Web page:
While I am dual-certified it is only in foreign languages.  I teach French III, IV, and a combo of 4/5 College Preparatory.  I also have taught Spanish I and French I as well as French II.  I would ideally love to put all of my courses into an LMS, but the fact remains that most of my classes will always be in person and the most I will do is a blended approach.

There are a few courses that our high school is beginning which might be well suited for an online format and which I would be qualified to put there by means of an LMS.  I am thinking in particular of the new STEAM classes which are part of the IB program we recently launched at our school.  For the students desiring to pursue the IB career path, there is a foreign language requirement.  However it is not the traditional Foreign Language course, with level 1 taking a year and learning the communicative basics, and it only lasts half the year. It requires a more specialized vocabulary which addresses the unique nature of the career path chosen.  It also involves a great deal of personalization, since the students need to identify what they want to learn and do the research on their own.  So I am thinking that a Spanish and a French course – the first geared towards health care and the second towards culinary – would be very well suited for online instruction.

Students could access the basic introductory material online and then work in groups and also individually to research and then post their own individual units which they are required to create.  They could present these in an online forum to the whole class, thus building upon what each other presents and ending up with a student created / chosen vocabulary list and research project.  It would be a great resource and a fun way for them to meet the requirement while working together with the other students in their specialization.  This is also perfect because the small number for enrollment makes it challenging to run an entire section for these students.  This online format gives them autonomy over the time and place of their course without limiting them to a schedule yet it would also allow for interaction and collaboration, which it so important in a foreign language course.  I think it would be a brilliant way to meet this need.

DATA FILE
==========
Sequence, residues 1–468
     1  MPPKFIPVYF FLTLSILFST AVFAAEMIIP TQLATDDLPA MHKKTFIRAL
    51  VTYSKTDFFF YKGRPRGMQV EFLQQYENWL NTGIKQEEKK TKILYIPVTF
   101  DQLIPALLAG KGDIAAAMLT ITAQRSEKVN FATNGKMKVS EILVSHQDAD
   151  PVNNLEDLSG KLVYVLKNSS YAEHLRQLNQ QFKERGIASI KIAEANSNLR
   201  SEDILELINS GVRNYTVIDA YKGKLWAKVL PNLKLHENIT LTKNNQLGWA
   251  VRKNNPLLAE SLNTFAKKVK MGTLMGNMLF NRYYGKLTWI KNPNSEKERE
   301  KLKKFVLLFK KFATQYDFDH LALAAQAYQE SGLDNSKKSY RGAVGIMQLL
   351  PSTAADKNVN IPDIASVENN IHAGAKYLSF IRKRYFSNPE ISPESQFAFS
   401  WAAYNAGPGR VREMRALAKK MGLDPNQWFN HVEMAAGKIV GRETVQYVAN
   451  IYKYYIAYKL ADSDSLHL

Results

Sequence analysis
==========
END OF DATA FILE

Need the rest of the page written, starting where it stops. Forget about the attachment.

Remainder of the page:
The course could be divided into three sections – the first would be the instructional piece, where the grammatical basics are introduced.

The second part would be their individual Units.  Students can choose a topic and they then must do an individual research project to find and present all of the relevant vocabulary.  This needs to include a few authentic sources (like articles) in their area as well as a visual representation of the vocabulary.

The third part of the course would house the collaborative discussion page where the students would exchange ideas, sources, materials… anything and everything to help each other out and learn from each other.  They would also answer the weekly discussion question here and interact over it.

The courses are only a semester long, they are specials, part of the STEAM program.  There is no final exam, only the project that they submit.  It seems like the ideal type of class to run online.

How about you?  Are there non-traditional courses at your school that might be a good fit for being run online?  Once you can do one…the sky is the limit.  Keep this format in mind for new courses that are being proposed or for one that you always wanted to run but low enrollment might have prevented it.  It truly opens up so many new doors!